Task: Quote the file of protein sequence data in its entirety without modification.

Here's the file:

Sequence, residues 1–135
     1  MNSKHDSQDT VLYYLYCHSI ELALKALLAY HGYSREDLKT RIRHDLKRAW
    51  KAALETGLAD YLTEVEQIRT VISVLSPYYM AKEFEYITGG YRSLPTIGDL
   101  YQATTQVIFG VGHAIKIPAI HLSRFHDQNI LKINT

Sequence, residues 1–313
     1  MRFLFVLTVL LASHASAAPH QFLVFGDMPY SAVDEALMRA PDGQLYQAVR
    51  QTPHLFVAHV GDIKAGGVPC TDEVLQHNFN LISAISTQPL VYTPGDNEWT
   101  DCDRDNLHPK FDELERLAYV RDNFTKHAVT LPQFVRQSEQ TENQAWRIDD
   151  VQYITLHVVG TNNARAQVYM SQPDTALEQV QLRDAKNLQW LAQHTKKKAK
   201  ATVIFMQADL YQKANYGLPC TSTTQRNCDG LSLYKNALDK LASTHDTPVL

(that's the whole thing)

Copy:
Sequence, residues 1–135
     1  MNSKHDSQDT VLYYLYCHSI ELALKALLAY HGYSREDLKT RIRHDLKRAW
    51  KAALETGLAD YLTEVEQIRT VISVLSPYYM AKEFEYITGG YRSLPTIGDL
   101  YQATTQVIFG VGHAIKIPAI HLSRFHDQNI LKINT

Sequence, residues 1–313
     1  MRFLFVLTVL LASHASAAPH QFLVFGDMPY SAVDEALMRA PDGQLYQAVR
    51  QTPHLFVAHV GDIKAGGVPC TDEVLQHNFN LISAISTQPL VYTPGDNEWT
   101  DCDRDNLHPK FDELERLAYV RDNFTKHAVT LPQFVRQSEQ TENQAWRIDD
   151  VQYITLHVVG TNNARAQVYM SQPDTALEQV QLRDAKNLQW LAQHTKKKAK
   201  ATVIFMQADL YQKANYGLPC TSTTQRNCDG LSLYKNALDK LASTHDTPVL